RHS Dems Bring Local Politics to Students

Chances are if you live in Ridgewood, you’ve received a knock on your door this October or November. If you weren’t home, you probably found some literature wedged in your doorway. 

These were no ordinary ghosters, but actually some of your fellow students volunteering with RHS Democrats. In fact, RHS students came out to canvas in unprecedented numbers. As election season approached, tens of students knocked on thousands of doors. The Saturday before the election, 40+ students from Bergen County knocked on over 2000 doors in Emerson and Ridgewood. 

Although it was an off-year election, the race for state assembly in the 39th and 40th districts was predicted to be a close race with canvassers promoting Democrats Cordonnier and O’Brien in District 40 and Birkner and Falotico in District 39. They hoped to flip the traditionally Republican districts to elect Democratic candidates.

So how did this many students get involved in such a local election beyond getting paid? I talked to the three leaders of RHS Dems, Laurence Fine, Aaron Friedman, and Logan Richman for the answer. Friedman described the club as a “hyper-local activist organization”, and Richman postulated that it gives students the opportunity to get an inside look at politics. As young adults finding our place in the world, these institutions feel distant from us, but talking to local candidates and campaign managers puts faces, not just names on our ballots.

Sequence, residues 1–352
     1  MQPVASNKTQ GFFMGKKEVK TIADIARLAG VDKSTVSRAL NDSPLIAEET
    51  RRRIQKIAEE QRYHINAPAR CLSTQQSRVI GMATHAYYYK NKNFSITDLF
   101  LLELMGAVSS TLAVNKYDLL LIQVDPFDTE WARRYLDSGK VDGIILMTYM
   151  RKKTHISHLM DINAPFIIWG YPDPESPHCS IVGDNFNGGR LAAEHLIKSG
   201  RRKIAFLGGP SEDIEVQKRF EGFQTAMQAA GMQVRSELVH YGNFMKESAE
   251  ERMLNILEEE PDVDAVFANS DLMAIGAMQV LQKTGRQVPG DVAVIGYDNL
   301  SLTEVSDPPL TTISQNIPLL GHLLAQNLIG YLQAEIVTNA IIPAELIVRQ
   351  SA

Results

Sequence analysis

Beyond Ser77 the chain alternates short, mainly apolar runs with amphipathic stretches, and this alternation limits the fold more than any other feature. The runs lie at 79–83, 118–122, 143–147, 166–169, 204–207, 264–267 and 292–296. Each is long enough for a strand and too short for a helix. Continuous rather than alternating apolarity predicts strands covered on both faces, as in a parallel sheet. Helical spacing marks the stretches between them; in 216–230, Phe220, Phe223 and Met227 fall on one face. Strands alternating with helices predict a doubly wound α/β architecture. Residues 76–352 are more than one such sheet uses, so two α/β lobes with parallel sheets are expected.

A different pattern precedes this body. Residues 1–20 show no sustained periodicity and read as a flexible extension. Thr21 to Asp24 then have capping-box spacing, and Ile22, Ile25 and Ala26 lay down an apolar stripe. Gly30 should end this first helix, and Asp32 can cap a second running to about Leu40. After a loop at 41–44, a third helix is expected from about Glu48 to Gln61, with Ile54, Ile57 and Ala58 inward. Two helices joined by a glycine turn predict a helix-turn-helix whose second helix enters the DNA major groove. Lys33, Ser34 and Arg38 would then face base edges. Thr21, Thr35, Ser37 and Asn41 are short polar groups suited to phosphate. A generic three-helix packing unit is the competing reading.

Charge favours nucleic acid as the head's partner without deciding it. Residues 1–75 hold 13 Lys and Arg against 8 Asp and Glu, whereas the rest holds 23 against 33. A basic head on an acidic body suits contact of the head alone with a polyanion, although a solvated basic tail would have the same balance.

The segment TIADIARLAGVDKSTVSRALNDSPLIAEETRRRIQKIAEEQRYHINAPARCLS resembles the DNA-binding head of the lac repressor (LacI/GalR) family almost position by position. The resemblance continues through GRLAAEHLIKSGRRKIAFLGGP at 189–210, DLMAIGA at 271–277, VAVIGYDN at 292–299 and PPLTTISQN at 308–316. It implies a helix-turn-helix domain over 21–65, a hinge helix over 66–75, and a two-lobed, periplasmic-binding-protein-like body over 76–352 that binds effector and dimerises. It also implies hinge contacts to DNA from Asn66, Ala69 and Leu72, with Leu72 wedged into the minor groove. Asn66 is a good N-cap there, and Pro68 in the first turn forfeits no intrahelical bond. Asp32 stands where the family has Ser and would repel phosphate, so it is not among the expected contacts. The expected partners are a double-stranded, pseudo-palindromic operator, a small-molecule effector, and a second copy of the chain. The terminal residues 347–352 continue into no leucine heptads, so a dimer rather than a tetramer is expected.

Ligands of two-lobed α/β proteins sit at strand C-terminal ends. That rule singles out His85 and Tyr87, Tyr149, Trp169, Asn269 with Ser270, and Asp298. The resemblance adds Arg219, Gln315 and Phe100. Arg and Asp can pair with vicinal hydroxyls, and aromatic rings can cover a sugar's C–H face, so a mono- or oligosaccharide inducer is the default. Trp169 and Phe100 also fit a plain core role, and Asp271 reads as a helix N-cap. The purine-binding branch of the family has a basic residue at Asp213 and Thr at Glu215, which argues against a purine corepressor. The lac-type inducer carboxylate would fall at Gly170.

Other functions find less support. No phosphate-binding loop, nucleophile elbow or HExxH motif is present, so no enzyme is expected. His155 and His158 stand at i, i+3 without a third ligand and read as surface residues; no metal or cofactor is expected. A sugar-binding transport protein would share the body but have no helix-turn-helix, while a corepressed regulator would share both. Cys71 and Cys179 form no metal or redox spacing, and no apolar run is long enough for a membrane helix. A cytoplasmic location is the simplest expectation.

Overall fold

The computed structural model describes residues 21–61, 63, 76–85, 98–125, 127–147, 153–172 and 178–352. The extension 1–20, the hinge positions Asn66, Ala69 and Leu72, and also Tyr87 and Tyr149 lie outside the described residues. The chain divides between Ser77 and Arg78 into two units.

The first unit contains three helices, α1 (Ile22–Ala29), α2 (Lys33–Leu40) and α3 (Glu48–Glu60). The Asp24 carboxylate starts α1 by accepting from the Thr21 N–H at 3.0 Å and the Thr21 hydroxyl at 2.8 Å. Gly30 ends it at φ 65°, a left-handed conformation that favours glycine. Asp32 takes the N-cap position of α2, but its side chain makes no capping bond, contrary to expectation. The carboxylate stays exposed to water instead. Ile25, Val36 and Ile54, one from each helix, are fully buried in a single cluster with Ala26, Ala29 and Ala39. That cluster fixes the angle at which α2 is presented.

RHS Dems strove to establish this relatability beyond canvassing by having Maria Cordonnier, a Democrat running for state assembly from Little Falls, talk to the club. She spoke on her experiences with Anti-Vietnam War protests when she was our age. In the partisan political climate of today, it can be difficult to look beyond political affiliation, but hearing the stories of our representatives in a non-debate setting is refreshing. Cordonnier and the RHS Democrats club as a whole is inspiring students to care about politics on a local scale. It’s about time we looked a little closer at government than just the presidential and midterm elections, given the impact of state policy on our day-to-day lives. 

Just as the intimate connections made in campaign offices may motivate students to stay engaged with politics, the hope was that the connections made on doorsteps get voters to the polls. Fine furthered this idea, emphasizing the face-to-face interactions that occur when knocking on doors, suggesting that the act of speaking to the voters reduces extremism and polarization. I agree with Laurence to some extent, but to me the most important impact of all this is the formation of a new, informed generation of voters. 

Even those who canvassed purely for the money gained a valuable appreciation for the amount of work that goes into local government, as well as how low interest in the general community is regarding such elections. As much as the chaos of presidential debates and the public spectacle of it all draws us in, it is important not to forget about the locals.

It’s a wonderful thing that this ideological change is starting here at RHS, and maybe we are living up to the classic “tradition of excellence” after all.

Alexandra Jerdee
Opinion Columnist

Graphic: Laurence Fine

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